Verse > Anthologies > Arthur Quiller-Couch, ed. > The Oxford Book of English Verse
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Arthur Quiller-Couch, ed. 1919. The Oxford Book of English Verse: 1250–1900.
  
Charles Lamb. 1775–1834
  
579. On an Infant dying as soon as born
  
I SAW where in the shroud did lurk 
A curious frame of Nature's work; 
A floweret crush'd in the bud, 
A nameless piece of Babyhood, 
Was in her cradle-coffin lying;         5
Extinct, with scarce the sense of dying: 
So soon to exchange the imprisoning womb 
For darker closets of the tomb! 
She did but ope an eye, and put 
A clear beam forth, then straight up shut  10
For the long dark: ne'er more to see 
Through glasses of mortality. 
  Riddle of destiny, who can show 
What thy short visit meant, or know 
What thy errand here below?  15
Shall we say that Nature blind 
Check'd her hand, and changed her mind, 
Just when she had exactly wrought 
A finish'd pattern without fault? 
Could she flag, or could she tire,  20
Or lack'd she the Promethean fire 
(With her nine moons' long workings sicken'd) 
That should thy little limbs have quicken'd? 
Limbs so firm, they seem'd to assure 
Life of health, and days mature:  25
Woman's self in miniature! 
Limbs so fair, they might supply 
(Themselves now but cold imagery) 
The sculptor to make Beauty by. 
Or did the stern-eyed Fate descry  30
That babe or mother, one must die; 
So in mercy left the stock 
And cut the branch; to save the shock 
Of young years widow'd, and the pain 
When single state comes back again  35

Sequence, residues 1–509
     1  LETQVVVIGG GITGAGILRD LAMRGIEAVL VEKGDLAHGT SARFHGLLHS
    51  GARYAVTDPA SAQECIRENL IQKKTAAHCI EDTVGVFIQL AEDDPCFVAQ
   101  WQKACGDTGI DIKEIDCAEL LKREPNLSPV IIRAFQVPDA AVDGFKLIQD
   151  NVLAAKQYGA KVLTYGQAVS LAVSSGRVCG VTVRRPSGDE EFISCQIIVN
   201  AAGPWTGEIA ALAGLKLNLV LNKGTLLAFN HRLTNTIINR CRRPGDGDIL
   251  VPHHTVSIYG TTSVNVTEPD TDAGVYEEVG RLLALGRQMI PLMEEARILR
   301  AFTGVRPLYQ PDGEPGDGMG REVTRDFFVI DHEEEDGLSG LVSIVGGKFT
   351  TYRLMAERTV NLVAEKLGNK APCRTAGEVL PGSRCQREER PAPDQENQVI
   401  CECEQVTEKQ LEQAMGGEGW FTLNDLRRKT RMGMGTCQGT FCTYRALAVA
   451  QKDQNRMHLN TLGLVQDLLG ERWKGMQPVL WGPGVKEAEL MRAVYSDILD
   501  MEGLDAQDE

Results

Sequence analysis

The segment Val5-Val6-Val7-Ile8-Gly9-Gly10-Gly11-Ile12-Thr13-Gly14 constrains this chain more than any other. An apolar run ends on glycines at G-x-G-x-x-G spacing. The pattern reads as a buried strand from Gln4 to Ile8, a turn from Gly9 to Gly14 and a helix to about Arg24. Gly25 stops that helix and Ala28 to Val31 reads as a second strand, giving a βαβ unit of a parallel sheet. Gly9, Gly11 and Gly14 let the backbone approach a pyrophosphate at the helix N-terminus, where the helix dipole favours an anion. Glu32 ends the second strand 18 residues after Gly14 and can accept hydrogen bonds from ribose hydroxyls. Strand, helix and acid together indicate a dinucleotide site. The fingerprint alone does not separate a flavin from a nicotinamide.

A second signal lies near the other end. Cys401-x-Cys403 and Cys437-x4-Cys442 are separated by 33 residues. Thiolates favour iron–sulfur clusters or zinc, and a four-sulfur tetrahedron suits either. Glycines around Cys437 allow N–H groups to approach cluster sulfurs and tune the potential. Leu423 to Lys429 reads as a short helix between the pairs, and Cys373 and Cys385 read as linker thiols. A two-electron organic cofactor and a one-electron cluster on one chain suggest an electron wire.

To the lone man who, reft of wife, 
Thenceforward drags a maimèd life? 
The economy of Heaven is dark, 
And wisest clerks have miss'd the mark, 
Why human buds, like this, should fall,  40
More brief than fly ephemeral 
That has his day; while shrivell'd crones 
Stiffen with age to stocks and stones; 
And crabbèd use the conscience sears 
In sinners of an hundred years.  45
  Mother's prattle, mother's kiss, 
Baby fond, thou ne'er wilt miss: 
Rites, which custom does impose, 
Silver bells, and baby clothes; 
Coral redder than those lips  50
Which pale death did late eclipse; 
Music framed for infants' glee, 
Whistle never tuned for thee; 
Though thou want'st not, thou shalt have them, 
Loving hearts were they which gave them.  55
Let not one be missing; nurse, 
See them laid upon the hearse 
Of infant slain by doom perverse. 
Why should kings and nobles have 
Pictured trophies to their grave,  60
And we, churls, to thee deny 
Thy pretty toys with thee to lie— 
A more harmless vanity? 
 
 
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